"The penalty good men pay for indifference to public affairs is to be ruled by evil men." attributed to Plato

"Bad men need nothing more to compass their ends, than that good men should look on and do nothing." attributed to Edmund Burke

Let's between us make the world a better place.

Thursday, 27 May 2010

The Chelsea Chop, bird scarers and companion planting

It's the Chelsea Flower Show again in the UK and so I have finished my "Chelsea Chop" on all my sedums. So named because it should be done around the time of the Chelsea Flower Show in May, it entails cutting off each flower head, and whilst it delays flowering for a few weeks, it prevents that horrible splaying out of the plants later in the year, that leaves an ugly gap in the middle. It also improves the quantity of the floral display. The photos show a plant before and after this "chop."

I cannot believe a whole year has gone by. We now know who has won the medals and we have marveled at the originality of the show gardens and the immense beauty and extravagance of the floral exhibits. But what really excites me is the increasing attention being paid to the healing power of gardening and of plants. One gentleman on the radio recently told of how getting involved in this way had healed him from drug addiction and a perpetual cycle of crime. At Chelsea The Places of Change was the largest plot the show has ever seen, at 590 square metres. It was the result of a collaboration between the Eden Project, Homeless Link, the Homes and Communities Agency and the Communities and Local Government department and full details can be found at  http://www.insidehousing.co.uk/news/care-and-support/homelessness-garden-wins-chelsea-silver-medal/6509943.article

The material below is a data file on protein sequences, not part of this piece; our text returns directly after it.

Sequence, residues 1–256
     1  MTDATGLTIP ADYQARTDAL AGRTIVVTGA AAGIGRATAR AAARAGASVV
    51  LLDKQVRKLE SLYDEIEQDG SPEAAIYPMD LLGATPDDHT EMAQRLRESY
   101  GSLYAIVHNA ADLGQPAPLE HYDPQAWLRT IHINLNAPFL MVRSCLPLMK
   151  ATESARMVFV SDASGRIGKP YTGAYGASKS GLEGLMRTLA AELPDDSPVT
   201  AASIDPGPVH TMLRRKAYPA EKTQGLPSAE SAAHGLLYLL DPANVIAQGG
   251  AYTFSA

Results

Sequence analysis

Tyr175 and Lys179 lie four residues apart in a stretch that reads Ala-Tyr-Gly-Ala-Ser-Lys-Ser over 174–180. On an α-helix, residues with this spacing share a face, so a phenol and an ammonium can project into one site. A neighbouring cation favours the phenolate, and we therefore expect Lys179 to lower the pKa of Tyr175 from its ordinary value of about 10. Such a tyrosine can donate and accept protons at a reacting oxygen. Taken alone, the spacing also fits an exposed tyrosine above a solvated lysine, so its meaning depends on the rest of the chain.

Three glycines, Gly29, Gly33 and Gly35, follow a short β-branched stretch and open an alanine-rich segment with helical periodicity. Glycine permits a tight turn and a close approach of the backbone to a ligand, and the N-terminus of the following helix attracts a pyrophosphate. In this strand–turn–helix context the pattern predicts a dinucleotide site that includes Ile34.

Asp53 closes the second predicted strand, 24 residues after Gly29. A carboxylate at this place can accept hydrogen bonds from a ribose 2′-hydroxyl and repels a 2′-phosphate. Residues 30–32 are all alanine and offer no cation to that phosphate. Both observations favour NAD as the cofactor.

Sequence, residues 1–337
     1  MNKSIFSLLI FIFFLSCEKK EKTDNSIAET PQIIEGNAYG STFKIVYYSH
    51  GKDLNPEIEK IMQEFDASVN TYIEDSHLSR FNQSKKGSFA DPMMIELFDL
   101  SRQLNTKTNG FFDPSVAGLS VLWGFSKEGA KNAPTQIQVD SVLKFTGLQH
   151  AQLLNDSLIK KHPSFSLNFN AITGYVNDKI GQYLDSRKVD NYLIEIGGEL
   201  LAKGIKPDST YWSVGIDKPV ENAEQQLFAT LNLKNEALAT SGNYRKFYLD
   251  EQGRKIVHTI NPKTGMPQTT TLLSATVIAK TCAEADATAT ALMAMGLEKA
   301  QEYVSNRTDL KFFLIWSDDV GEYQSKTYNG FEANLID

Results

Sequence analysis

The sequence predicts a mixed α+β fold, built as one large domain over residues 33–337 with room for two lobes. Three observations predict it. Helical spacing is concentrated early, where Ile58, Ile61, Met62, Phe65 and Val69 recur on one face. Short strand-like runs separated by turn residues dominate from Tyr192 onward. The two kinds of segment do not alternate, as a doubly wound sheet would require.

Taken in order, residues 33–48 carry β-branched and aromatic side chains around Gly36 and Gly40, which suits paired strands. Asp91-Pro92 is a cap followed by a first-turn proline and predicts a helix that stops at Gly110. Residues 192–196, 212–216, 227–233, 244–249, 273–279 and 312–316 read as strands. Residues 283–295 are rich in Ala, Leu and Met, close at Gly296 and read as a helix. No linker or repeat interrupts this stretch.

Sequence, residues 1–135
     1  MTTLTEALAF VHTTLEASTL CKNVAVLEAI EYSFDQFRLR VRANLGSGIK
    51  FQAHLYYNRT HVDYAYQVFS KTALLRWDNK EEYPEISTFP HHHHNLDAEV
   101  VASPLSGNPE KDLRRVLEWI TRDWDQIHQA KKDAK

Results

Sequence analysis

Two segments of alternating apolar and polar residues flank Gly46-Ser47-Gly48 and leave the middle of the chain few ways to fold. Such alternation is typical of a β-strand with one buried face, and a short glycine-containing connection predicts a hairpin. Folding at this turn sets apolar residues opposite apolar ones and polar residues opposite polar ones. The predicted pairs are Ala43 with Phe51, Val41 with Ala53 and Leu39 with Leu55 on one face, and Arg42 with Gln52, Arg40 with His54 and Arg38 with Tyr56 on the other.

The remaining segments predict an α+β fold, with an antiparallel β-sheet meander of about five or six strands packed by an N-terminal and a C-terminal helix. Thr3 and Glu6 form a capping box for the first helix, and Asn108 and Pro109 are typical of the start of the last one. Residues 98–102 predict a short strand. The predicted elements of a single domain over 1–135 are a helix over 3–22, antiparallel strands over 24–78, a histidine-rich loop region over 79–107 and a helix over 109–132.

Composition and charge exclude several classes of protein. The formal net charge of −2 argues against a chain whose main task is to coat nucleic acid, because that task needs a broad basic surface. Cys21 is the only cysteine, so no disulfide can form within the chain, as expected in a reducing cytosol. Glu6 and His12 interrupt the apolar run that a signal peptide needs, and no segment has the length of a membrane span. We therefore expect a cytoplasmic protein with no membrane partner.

At our allotments we have dreadful trouble with pigeons stripping brassica plants and young beans. We prevent this damage by variously using netting, (the most foolproof), CDs strung across the plot, highly coloured childrens windmills, scarecrows and mock birds of prey strung up on poles! I use a tape that can be bought commercially in garden centres but is akin to the black tape in old music cassettes.When stretched taut across the plot or down from the top of bean poles, the wind makes a noise through them which seems to keep the birds away. But someone has warned me that he has seen these tapes trap and kill owls that have swooped down into them presumably to catch mice and small birds. Has any one else experienced this? I have also found a dead sparrow hawk that was caught up in netting, so tape is not the only culprit.

The photo shows my runner bean poles with tape strung from the top and secured by tent pegs in the ground.

Note the flowers on the plot. I just like to have a pretty plot but companion planting is a well known organic technique to control pests without recourse to nasty chemicals. For example lavender planted close to roses is said to control greenfly. It can also be of  benefit for an increased crop - sweet peas trained up bean poles can encourage more bees to pollinate the bean flowers, essential for a good crop of beans.  

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